Eagles' Mornhinweg not thinking about Browns, yet

Associated Press
Associated Press
Posted: January 04, 2011

MARTY MORNHINWEG had heard that his old friends Mike Holmgren and Tom Heckert might be looking for a head coach in Cleveland, after firing Eric Mangini yesterday. Mornhinweg said he hadn't heard from the Browns, and pointed out that he can't hear from them, until after the wild-card round is complete. An Eagles source said Cleveland has not asked for permission to talk to the Eagles' offensive coordinator.

Not surprisingly, Mornhinweg said he has to put all his energy into preparing his second-ranked offense to face the NFL's fifth-ranked defense, when the Eagles host the Green Bay Packers in the wild-card round this Sunday.

"There's no other way to do it - you have to have all your focus on this football game. That's what we expect of all the coaches and all the players," Mornhinweg said.

Asked if he expects to get interviewed, Mornhinweg, who was 5-27 in 2 years as head coach in Detroit, said: "We'll see."

The rules state that any team looking to hire another team's assistant who is under contract has to seek permission of the "owner or operating head" of that coach's team. If permission is granted, and the coach is involved in the wild-card round, the interview has to take place "after the Wild Card games and prior to the conclusion of Divisional Playoff games." Only one such interview can take place while the coach's team is involved in the playoffs.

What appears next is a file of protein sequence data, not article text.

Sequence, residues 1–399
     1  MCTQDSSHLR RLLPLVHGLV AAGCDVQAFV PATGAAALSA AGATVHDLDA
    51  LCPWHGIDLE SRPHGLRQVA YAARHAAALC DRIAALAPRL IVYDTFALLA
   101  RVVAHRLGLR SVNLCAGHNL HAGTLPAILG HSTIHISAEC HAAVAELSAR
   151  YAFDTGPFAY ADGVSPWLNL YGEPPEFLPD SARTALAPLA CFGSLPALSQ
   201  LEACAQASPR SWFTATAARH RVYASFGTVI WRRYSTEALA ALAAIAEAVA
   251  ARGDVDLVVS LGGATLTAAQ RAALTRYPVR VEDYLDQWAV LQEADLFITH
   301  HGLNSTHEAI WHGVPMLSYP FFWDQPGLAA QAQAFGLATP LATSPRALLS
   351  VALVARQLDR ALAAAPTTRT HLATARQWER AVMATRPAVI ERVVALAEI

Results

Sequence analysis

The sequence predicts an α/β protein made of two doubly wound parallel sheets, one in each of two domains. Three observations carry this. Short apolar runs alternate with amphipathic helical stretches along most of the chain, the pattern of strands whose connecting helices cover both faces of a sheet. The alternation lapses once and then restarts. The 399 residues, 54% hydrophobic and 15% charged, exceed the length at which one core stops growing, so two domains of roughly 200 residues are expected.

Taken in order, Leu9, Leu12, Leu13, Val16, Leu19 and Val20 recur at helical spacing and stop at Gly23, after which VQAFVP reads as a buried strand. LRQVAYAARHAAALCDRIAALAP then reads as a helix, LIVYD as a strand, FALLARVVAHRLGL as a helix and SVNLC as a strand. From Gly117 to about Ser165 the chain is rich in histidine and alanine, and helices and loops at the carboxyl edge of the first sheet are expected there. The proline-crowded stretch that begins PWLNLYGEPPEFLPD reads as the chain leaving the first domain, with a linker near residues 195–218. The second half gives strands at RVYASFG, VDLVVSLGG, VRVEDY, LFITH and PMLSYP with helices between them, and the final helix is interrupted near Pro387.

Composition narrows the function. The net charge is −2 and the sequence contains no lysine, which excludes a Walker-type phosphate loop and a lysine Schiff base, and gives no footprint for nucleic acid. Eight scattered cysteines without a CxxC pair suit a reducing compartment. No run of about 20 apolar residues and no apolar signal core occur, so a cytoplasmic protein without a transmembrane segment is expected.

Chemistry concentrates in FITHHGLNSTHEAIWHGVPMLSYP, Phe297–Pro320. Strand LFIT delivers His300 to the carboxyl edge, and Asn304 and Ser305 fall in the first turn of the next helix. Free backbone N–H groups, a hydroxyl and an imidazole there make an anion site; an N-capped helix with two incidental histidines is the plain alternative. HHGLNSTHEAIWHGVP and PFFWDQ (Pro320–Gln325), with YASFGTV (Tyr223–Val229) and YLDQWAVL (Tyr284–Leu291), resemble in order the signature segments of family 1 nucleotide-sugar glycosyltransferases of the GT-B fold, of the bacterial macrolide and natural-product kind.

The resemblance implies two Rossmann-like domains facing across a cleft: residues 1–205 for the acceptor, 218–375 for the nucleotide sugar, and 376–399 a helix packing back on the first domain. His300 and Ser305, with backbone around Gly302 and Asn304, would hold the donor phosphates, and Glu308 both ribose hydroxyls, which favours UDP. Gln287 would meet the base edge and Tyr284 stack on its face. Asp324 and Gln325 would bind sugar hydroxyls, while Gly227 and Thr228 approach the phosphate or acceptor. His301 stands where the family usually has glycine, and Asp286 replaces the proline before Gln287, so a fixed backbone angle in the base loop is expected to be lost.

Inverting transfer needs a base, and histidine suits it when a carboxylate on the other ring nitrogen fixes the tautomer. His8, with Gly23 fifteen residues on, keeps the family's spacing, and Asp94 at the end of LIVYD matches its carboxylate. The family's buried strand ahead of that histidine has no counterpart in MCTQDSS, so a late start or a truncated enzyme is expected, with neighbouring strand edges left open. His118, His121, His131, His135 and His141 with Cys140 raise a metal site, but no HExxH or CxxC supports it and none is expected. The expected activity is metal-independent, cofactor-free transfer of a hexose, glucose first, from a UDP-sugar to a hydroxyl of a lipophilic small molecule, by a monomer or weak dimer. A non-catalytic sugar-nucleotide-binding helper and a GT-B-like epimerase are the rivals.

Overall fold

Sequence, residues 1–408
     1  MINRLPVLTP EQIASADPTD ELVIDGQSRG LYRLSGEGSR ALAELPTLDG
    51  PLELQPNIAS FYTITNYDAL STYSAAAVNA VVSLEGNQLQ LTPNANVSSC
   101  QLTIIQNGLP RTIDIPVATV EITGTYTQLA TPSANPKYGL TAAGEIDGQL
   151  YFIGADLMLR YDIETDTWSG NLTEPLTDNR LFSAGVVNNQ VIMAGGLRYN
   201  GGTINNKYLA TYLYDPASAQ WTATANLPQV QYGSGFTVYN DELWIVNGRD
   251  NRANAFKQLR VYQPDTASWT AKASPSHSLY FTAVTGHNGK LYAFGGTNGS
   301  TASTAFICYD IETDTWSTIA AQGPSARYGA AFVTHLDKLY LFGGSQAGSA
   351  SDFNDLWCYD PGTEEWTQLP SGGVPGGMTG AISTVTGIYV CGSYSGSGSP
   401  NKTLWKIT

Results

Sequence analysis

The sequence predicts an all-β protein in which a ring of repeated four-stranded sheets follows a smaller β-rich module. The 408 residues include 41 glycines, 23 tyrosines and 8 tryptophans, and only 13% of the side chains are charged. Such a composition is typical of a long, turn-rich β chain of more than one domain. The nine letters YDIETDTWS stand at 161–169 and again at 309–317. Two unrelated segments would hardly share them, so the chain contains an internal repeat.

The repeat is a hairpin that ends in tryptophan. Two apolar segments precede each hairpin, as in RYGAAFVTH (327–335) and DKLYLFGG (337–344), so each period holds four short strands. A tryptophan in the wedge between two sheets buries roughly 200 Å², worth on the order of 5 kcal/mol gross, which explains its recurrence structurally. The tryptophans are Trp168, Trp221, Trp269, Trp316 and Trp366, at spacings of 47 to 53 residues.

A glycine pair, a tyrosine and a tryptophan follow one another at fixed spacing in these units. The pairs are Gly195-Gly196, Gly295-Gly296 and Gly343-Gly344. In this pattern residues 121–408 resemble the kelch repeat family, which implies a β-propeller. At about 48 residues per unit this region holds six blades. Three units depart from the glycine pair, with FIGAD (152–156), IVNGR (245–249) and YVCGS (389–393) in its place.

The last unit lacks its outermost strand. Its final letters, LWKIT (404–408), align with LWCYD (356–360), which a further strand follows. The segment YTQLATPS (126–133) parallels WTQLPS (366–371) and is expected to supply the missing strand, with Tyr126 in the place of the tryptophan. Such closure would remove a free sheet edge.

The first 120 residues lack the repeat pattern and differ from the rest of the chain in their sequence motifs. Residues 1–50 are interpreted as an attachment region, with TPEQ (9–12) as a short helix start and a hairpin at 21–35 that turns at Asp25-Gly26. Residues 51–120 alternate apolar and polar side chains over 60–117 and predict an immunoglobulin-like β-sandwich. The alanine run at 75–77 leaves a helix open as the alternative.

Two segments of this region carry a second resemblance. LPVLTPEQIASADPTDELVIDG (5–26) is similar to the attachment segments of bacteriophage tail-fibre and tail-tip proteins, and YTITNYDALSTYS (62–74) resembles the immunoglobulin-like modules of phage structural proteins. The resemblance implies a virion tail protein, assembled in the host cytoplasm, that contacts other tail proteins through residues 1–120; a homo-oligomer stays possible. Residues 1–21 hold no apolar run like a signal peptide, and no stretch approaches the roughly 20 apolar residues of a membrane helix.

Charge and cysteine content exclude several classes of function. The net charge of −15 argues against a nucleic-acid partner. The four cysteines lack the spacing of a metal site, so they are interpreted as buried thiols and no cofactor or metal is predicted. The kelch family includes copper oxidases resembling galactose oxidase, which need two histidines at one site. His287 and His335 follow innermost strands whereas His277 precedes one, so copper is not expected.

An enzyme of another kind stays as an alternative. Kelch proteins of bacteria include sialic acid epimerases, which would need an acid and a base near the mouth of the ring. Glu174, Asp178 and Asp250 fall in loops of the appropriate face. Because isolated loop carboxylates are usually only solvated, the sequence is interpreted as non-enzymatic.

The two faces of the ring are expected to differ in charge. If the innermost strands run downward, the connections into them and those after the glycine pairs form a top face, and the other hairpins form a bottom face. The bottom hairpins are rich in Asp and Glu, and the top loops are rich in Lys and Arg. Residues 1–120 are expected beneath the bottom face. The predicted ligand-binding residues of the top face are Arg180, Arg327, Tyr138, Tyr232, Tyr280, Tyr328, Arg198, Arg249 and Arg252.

Mornhinweg, 48, played under Holmgren, then an assistant coach, at Oak Grove High in San Jose, then coached under Holmgren when Holmgren was head coach of the Packers in 1995 and '96. Heckert and Mornhinweg worked together with the Eagles from 2003 until Heckert left for Cleveland last offseason.

Mornhinweg was optimistic yesterday about having a healthier, more functional Eagles offense for Sunday. He wasn't even deterred when asked to explain the Eagles' 50 sacks allowed, their highest figure of the Andy Reid era.

"Everybody's involved. The quarterback is key," Mornhinweg said. "In many sacks in the NFL, the quarterback can get the ball out and prevent the sack, let's say, two thirds of the time . . . With [Michael Vick]'s style of play, there's that fine line. You want him to be creative, and some of those great plays will continue to happen. If you drop that line down, then quarterbacks [in general] tend to be robotic; the creative, big plays, they go down just a little bit, you know? So there's a real fine line there."

Bradley 'a stretch'?

Eagles coach Andy Reid said yesterday that "it will be a stretch" for middle linebacker Stewart Bradley, out since Dec. 12 with a dislocated elbow, to play against Green Bay.

"We have to see how he does. He hasn't been able to do anything where he applies pressure on it. In other words, where you have to jam and do those types of things," Reid said.

Bradley indicated after Sunday's game that he expects to be able to play this week.

Reid was noncommittal in his day-after news conference about whether Dimitri Patterson or Joselio Hanson will start at right corner against the Packers, though he praised Patterson's play against Dallas. Last night on his WIP radio show, Reid indicated Patterson will remain the starter.

"I thought he played well, and so I think he deserves that opportunity," Reid said. "He's had a good year this year. He's an aggressive football player and he's got a Pro Bowl player [Asante Samuel] playing opposite him that people don't like to throw at, so Dimitri gets the majority of the throws coming his direction . . . He takes some chances at times and then he learns from them and he comes back. That's part of being a young guy that's learning and only getting better."

Reid was optimistic about right guard Max Jean-Gilles playing, after suffering a left ankle injury Sunday.

For more Eagles coverage and opinion, read the Daily News' Eagles blog, Eagletarian, at www.eagletarian.com.

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